On the other leg of the two counts, alleging that the N400m was part of proceeds of alleged corrupt act of the immediate past NSA, Col. Sambo Dasuki (retd.), Tahir asked whether it was not unlawful for the ex-NSA “to have, in breach of public trust reposed in him, misappropriated government funds in favour of the defendants, who on the evidence, had no contractual dealings with the ONSA”.

On count three in which Metuh and his firm were accused of retaining or concealing the sum of N400m, the EFCC argued that the accused “retained the sum of N400m on behalf of the PDP for its campaign activities by concealing the said sum in their Diamond Bank account.

It said Metuh ought to have known that the fund “directly represented the proceeds of an unlawful act” of the ex-NSA.

Concerning count four, Tahir stated that the prosecution had led evidence to show that the N400m was used for campaign activities of the PDP and other personal purposes.

On counts five and six relating to making cash transactions of a sum of $2m, far above the statutory threshold of N5m for individuals and N10m for corporate bodies, the anti-graft agency alleged that the accused violated Section 1 of the Money Laundering (Prohibition) Act 2011.

The EFCC stated, “The point to note in this transaction are the following, which are vital:

“The origin of the initial sum of $2m, which belongs to either of the defendants remained undocumented (which goes against the very essence of the Money Laundering (Prohibition) Act i.e. financing terrorism and disguising, concealment or laundering the origin of illicit funds.”

The anti-graft agency added, “All the above points my lord, go to show the length to which the defendants went to conceal the origin of the $2m.’’

Meanwhile, the EFCC said some Asian countries, especially China, are frustrating its anti-corruption efforts.

The Acting Chairman of the EFCC, Mr. Ibrahim Magu, said this on Tuesday in Abuja when the Association of Chief Audit Executives of Banks in Nigeria paid the commission a courtesy visit.

The representative from First Bank of Nigeria, Mr. Nelson Uduak, had earlier lamented that Japan and China were not helping Nigeria in the area of anti-fraud cases.

He said, “Some countries appear very difficult to operate in. There are some countries in which our banks have lost money. There are some fraudsters which we are able to trace but once the money gets to certain countries like Japan or China, you find out that there is no cooperation.

“If it is the United States, you can be sure to a large extent, that once you can identify the person (suspect), you will get cooperation; but there is no such cooperation in the Asian countries. We don’t know how you can help us.”

Magu, in his response, agreed that China had not been helpful in the anti-graft war.

He said, “The cooperation from the Chinese end has been very minimal, it is not encouraging. There is more collaboration from the US, the United Kingdom and Switzerland essentially through INTERPOL or government to government.”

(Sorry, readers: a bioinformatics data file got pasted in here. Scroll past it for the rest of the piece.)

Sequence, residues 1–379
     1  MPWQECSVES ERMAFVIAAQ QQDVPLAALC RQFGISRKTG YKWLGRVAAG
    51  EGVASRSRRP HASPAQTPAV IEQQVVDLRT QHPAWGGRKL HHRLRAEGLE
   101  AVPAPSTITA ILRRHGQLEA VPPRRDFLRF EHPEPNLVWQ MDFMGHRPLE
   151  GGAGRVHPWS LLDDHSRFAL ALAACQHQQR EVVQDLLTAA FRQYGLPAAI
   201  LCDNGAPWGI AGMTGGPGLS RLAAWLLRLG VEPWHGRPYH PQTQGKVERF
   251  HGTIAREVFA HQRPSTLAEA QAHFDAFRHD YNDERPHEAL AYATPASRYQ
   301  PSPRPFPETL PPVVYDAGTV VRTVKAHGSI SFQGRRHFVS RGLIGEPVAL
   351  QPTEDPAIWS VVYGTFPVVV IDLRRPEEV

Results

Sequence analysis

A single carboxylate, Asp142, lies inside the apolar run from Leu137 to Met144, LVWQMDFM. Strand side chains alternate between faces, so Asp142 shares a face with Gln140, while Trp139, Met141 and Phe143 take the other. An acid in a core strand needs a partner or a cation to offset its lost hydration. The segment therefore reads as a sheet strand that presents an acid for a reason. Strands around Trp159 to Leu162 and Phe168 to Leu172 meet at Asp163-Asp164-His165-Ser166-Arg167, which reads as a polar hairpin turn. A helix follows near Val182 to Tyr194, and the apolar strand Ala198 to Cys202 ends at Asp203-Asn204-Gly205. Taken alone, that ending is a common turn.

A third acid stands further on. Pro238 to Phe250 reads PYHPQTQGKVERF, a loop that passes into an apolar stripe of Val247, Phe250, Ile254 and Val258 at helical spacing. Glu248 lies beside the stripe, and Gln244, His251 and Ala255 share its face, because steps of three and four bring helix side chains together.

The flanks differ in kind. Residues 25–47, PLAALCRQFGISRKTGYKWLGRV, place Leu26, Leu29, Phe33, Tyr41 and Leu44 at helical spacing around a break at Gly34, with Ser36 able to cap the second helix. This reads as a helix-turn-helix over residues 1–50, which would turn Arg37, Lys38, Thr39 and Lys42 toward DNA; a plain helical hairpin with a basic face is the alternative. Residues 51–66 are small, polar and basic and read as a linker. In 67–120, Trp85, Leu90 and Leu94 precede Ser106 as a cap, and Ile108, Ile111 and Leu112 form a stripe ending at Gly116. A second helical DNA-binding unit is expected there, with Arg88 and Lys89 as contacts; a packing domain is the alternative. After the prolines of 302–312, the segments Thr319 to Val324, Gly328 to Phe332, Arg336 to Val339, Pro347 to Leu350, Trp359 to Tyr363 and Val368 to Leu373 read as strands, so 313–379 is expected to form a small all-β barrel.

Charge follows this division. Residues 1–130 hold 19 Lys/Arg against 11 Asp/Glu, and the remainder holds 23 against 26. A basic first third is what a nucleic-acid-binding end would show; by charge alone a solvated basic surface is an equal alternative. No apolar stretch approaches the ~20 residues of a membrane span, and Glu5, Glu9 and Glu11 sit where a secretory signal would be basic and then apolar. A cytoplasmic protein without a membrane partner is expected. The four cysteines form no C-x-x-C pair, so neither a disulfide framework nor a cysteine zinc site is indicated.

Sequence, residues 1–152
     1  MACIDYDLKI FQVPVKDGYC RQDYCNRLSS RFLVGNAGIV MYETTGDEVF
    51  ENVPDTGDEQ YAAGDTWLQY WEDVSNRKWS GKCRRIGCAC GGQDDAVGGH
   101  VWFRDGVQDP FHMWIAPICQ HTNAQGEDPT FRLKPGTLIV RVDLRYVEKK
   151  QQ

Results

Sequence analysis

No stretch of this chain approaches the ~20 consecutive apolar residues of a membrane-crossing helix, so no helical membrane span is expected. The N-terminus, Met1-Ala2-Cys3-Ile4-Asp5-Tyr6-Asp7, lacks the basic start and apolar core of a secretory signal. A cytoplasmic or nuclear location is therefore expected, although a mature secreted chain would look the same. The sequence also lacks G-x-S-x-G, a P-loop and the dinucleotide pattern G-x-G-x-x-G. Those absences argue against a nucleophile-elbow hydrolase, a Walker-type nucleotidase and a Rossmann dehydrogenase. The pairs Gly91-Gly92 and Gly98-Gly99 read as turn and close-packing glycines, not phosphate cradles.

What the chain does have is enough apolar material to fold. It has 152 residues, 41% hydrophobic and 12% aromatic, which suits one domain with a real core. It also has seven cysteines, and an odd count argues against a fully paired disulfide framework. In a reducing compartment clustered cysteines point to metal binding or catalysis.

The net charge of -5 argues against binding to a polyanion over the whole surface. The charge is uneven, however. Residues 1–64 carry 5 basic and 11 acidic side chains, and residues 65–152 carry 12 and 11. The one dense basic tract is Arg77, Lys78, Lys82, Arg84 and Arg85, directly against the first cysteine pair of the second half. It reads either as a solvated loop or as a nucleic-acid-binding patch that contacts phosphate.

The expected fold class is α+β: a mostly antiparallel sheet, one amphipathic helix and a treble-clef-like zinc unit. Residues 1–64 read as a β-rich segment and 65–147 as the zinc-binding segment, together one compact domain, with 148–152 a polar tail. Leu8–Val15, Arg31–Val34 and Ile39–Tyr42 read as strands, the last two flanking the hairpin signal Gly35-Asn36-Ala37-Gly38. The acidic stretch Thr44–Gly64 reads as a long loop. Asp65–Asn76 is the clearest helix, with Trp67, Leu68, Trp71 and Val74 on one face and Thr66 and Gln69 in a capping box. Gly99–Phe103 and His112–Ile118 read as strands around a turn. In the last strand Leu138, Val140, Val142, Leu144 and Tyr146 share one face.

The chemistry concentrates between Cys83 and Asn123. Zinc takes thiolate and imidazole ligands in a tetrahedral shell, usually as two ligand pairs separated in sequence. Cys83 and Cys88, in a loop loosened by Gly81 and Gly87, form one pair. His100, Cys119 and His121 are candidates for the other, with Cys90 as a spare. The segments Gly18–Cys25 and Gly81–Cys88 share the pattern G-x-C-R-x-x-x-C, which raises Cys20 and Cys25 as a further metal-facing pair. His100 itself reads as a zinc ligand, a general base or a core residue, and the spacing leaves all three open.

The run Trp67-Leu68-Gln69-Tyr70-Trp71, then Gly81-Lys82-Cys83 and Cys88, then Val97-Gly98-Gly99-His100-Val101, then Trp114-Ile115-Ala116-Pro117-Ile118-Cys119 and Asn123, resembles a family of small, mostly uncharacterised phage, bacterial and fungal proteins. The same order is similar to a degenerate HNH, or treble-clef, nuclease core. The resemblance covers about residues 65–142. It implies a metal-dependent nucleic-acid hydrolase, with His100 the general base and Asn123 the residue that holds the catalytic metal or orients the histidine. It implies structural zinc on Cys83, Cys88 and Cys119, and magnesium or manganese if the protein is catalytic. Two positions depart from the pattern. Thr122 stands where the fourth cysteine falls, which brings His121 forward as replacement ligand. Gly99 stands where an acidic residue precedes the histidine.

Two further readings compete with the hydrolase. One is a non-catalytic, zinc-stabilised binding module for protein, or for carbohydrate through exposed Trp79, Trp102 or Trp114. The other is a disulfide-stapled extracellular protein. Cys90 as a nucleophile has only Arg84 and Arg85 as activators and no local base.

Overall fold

Magu added that the EFCC was tracing a $2bn fund belonging to First Bank, which was transferred to London, but did not explain further.

The EFCC boss also urged bankers to assist in the fight against corruption as the commission could not do it alone.

“You are auditors while we are investigators; so, in a way, we are doing the same thing. We need to synergise, work together. We are all stakeholders and we are in a war. We also ask for your support,” he said.

The representative of Heritage Bank, Mr. Manny Ugbomah, urged the commission to give its personnel the permission to travel out of the country with bank representatives whenever they were carrying out trans-border investigations.

The Chinese embassy in Nigeria could not be reached for comment as its spokesman, Chen Pen, did not respond to calls and a message sent to his mobile on Tuesday.

The Japanese embassy could also not be reached for reaction as its Media Relations Officer, John Nwankwo, could not be reached on the telephone.

Punch

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WAIVER CESSATION: Igbokwe urges NIMASA to evolve stronger collaboration with Ships owners

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…Stresses the need for timely disbursement of N44.6billion CVFF***

Highly revered Nigerian Maritime Lawyer, and Senior Advocate of Nigeria (SAN), Mike Igbokwe has urged the Nigeria Maritime Administration and safety Agency (NIMASA) to partner with ship owners and relevant association in the industry to evolving a more vibrant merchant shipping and cabotage trade regime.

Igbokwe gave the counsel during his paper presentation at the just concluded two-day stakeholders’ meeting on Cabotage waiver restrictions, organized by NIMASA.

“NIMASA and shipowners should develop merchant shipping including cabotage trade. A good start is to partner with the relevant associations in this field, such as the Nigeria Indigenous Shipowners Association (NISA), Shipowners Association of Nigeria (SOAN), Oil Trade Group & Maritime Trade Group of the Nigerian Association of Chambers of Commerce, Industry, Mines and Agriculture (NACCIMA).

“A cursory look at their vision, mission and objectives, show that they are willing to improve the maritime sector, not just for their members but for stakeholders in the maritime economy and the country”.

Adding that it is of utmost importance for NIMASA to have a through briefing and regular consultation with ships owners, in other to have insight on the challenges facing the ship owners.

“It is of utmost importance for NIMASA to have a thorough briefing and regular consultations with shipowners, to receive insight on the challenges they face, and how the Agency can assist in solving them and encouraging them to invest and participate in the maritime sector, for its development.